best mint alternatives has been a good budgeting tool. I have used it myself from time to time. Unfortunately, however, has closed for good, and the transition for users to CreditKarma shows that the new platform doesn’t have the budgeting capabilities once had.

These are the best Mint alternatives to get you exactly what you want. I’ve used four options below, and they’re all very good apps.

Editor’s Choice of the Best Mint Alternatives

Each of the ten best Mint alternatives below is an excellent choice, but three stand out and offer users something extra.

1. Empower – When you compare Mint to others, the best comparison has to be with Empower. Like Mint, Empower is free to use, which is something you cannot say about any other brand on our list of Mint alternatives.

Second, Empower goes the extra mile and does budgeting, showing you a detailed look at your investment portfolio. Mint users’ biggest complaint was the inability to track investments, which was solved with Empower.

2. Simplifi – Apples to apples, Simplifi is likely the best comparison to Mint. The layout, user interface, and budgeting capabilities are similar to Mint, plus Simplifi is a sister brand of Quicken, the OG of personal finance software.

The Simplifi app is extremely easy to use and descriptive, showing you how your budget works and how you can improve. Simplifi is the least expensive “paid” option of all the best Mint alternatives on our list, charging just $2.99 monthly when billed annually.

3. Tiller – For someone like me (spreadsheets are exciting!), Tiller is amazing because I’m allowed to create and design my budget however I want to, and Tiller’s job is to feed me my transactions in a Google Sheet or Excel file. Mint was excellent at creating a solution for everyone, but with Tiller, I’m convinced my budget template is best for ME.

If you’re hesitant about Tiller, that’s OK because you’ll start with a 30-day free trial. You can choose from many different budget templates or create your own, and if you don’t get the hang of it or it doesn’t happen, you won’t owe anything. Should you decide to stick around, the cost is a flat fee of $79 annually.

Best Mint Alternatives for Budgeting and Investment Tracking

1. Empower: Best Free All-Around Financial App

Empower is arguably the closest alternative to Mint. Like Mint, it’s free, enables users to link their accounts, and offers budgeting, investment tracking, and retirement planning. If your goal is a free app to manage all of your finances in one place, Empower is the answer.

I like that the interface is as visual as Mint’s. It also includes budgeting capabilities, but it has a much more robust investment tracking option.

Empower - Best Mint Alternatives

I don’t like budgeting with Empower as easily as I do with Mint. Still, Empower tracks your budget, automatically categorizes your spending and bills, and monitors your cash flow. In addition, its investment tracking and retirement planning features are much better than those of Mint.

Empower is also the only free option available now that Mint is shutting down.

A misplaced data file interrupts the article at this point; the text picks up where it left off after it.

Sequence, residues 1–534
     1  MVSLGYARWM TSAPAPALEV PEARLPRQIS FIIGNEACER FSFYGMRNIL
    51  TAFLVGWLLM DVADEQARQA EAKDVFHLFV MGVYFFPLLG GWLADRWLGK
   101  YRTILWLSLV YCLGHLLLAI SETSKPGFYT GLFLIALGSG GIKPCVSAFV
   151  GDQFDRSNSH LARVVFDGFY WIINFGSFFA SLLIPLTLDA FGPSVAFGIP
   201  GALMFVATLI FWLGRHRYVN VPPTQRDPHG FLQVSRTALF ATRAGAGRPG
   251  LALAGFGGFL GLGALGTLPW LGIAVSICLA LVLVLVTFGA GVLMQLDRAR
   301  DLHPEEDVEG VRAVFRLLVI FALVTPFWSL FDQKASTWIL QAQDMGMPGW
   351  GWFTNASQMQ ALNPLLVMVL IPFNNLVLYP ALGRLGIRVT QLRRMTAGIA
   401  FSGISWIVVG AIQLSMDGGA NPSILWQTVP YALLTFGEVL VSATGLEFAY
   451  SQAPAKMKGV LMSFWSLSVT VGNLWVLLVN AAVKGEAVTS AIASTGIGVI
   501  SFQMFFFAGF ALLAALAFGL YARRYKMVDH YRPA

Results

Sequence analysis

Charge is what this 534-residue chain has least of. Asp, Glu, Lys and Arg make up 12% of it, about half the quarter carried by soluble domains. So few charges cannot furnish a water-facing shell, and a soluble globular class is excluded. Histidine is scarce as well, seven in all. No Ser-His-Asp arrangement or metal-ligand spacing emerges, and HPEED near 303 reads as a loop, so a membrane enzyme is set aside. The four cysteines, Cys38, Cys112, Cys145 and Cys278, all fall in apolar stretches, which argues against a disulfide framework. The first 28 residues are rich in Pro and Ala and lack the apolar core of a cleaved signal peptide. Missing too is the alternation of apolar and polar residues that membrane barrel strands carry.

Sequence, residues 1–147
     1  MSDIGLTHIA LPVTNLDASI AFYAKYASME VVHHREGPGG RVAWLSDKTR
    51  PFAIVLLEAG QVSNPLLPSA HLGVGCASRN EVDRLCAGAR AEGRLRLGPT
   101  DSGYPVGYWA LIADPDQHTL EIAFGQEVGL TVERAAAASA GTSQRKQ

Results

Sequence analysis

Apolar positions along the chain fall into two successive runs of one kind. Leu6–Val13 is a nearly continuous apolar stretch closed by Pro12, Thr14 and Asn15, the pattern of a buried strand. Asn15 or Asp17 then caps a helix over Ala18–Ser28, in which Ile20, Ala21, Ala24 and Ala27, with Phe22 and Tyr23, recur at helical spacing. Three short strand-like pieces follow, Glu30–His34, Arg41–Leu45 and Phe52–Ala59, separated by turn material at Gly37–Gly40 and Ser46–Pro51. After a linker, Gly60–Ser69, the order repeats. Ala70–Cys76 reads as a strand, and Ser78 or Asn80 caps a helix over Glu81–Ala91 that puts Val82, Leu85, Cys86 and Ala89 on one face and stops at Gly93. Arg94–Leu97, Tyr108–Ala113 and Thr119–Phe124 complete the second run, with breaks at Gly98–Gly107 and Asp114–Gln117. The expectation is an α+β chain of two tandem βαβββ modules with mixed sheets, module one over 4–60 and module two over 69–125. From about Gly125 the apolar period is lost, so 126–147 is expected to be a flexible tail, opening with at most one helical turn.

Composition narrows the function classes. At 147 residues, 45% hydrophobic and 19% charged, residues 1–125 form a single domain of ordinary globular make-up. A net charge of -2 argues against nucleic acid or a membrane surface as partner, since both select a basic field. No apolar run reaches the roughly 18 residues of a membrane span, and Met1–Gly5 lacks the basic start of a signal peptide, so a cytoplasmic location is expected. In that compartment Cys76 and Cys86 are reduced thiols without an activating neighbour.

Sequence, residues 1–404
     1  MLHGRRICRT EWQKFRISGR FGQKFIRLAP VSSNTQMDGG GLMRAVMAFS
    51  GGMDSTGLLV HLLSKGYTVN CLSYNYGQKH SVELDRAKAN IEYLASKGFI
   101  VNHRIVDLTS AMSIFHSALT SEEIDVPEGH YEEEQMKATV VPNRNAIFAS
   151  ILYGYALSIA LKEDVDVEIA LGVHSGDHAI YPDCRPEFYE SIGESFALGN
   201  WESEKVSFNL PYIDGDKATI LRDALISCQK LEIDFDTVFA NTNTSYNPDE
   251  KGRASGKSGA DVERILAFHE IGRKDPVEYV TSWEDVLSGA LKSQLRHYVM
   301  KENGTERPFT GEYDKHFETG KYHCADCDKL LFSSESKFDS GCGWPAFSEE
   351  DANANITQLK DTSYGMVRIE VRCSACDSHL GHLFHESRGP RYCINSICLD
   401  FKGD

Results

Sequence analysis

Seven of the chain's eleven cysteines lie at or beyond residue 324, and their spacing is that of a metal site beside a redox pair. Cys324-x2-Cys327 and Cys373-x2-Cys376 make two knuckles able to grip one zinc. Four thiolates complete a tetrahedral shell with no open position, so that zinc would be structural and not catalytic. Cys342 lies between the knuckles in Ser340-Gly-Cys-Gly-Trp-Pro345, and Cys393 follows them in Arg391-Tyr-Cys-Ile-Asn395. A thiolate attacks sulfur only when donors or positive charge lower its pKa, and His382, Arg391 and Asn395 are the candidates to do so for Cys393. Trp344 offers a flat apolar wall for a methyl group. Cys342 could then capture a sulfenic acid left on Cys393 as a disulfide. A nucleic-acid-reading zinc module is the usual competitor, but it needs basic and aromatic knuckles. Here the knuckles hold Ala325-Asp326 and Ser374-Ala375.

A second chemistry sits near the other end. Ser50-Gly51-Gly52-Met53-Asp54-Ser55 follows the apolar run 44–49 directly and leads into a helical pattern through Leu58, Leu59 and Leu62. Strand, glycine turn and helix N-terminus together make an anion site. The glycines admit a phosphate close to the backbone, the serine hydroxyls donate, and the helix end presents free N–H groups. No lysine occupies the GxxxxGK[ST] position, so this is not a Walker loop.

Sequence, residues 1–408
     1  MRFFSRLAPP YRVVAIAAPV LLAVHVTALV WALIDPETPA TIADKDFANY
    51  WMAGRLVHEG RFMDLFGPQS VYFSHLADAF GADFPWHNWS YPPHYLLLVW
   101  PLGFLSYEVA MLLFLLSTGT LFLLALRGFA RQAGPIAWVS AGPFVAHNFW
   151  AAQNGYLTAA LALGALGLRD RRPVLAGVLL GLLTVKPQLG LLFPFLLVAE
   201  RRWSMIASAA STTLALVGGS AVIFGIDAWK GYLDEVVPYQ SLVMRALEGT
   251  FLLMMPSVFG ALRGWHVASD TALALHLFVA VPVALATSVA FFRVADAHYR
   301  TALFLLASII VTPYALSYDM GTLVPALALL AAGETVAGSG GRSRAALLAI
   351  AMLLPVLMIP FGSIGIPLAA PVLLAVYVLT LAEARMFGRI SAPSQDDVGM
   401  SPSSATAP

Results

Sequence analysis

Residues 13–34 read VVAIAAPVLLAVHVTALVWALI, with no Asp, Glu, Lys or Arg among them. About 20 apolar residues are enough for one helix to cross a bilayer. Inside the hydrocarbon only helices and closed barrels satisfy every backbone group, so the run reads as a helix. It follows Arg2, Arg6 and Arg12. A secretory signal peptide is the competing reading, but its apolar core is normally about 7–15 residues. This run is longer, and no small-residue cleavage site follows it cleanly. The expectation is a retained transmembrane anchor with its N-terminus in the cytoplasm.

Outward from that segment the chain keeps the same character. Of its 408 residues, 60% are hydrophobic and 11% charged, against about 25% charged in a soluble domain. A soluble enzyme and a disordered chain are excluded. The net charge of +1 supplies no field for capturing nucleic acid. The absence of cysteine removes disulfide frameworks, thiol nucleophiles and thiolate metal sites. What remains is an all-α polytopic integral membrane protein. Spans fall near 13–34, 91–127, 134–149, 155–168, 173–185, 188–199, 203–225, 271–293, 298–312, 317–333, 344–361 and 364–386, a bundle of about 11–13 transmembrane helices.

Read our Empower Review

2. Rocket Money

rocket money

With Rocket Money, you can connect all your financial accounts in one place and receive balance alerts for products and transactions you deem important. Rocket Money has a free option that includes creating a budget, monitoring your spending, and tracking all transactions so your wallet and investments are under one roof.

For a fee between $4 per month and $12 per month billed annually, Rocket Money will provide enhanced customer support, help canceling unwanted subscriptions from your budget, and personalized advice to help you spend less and save more.

The difference in prices does not change the features you receive; Rocket Money employs the “pay what you think is fair” model, giving you the choice to pay more or less for their services.

Read our Rocket Money Review

3. YNAB: Best for Budgeting

There’s a lot to love about the You Need a Budget (YNAB) budgeting software. However, one of the key features that sets it apart from is that it allows for longer-term planning. With Mint, you can’t change a budget for that month until the first of the month. That gets frustrating if your budget varies by month and you want to plan for that.

YNAB - Best Mint Alternatives

With YNAB, though, you can set up budgets for several months in the future. Another key feature is easy goal setting, which I prefer over Mint’s financial goals options. Plus, the point of YNAB is to learn to live on last month’s income. It takes time to get to this point. But it’s a worthy goal that can make your financial life much more stable.

Read our YNAB Review

4. PocketSmith: Best for Financial Planning

PocketSmith has many of the same features as Mint, including the ability to view all of your accounts in one place. But it also lets you plan ahead better with projected daily balances. Another bonus—it gives you the option to track your net worth! You can run income and expense statements at any time.

Pocketsmith - Best Mint Alternatives

The most attractive part of PocketSmith is its ability to forecast accurately. But it also has a great backward-looking feature in the form of an excellent search engine. This lets you quickly find and pull up any past transaction, which can be handy if you want something specific. Overall, this is a great option.

Read our Pocketsmith Review

5. EveryDollar: Best for Dave Ramsey Followers

EveryDollar logo

If you’re a fan of Dave Ramsey, his budgeting software may help you stay on top of the Baby Steps. Ramsey’s parent company created the EveryDollar budgeting software. It operates similarly to Mvelopes since Ramsey advocates for the envelope budgeting method. But it also builds in the Baby Steps, so you can always see where you are on the plan.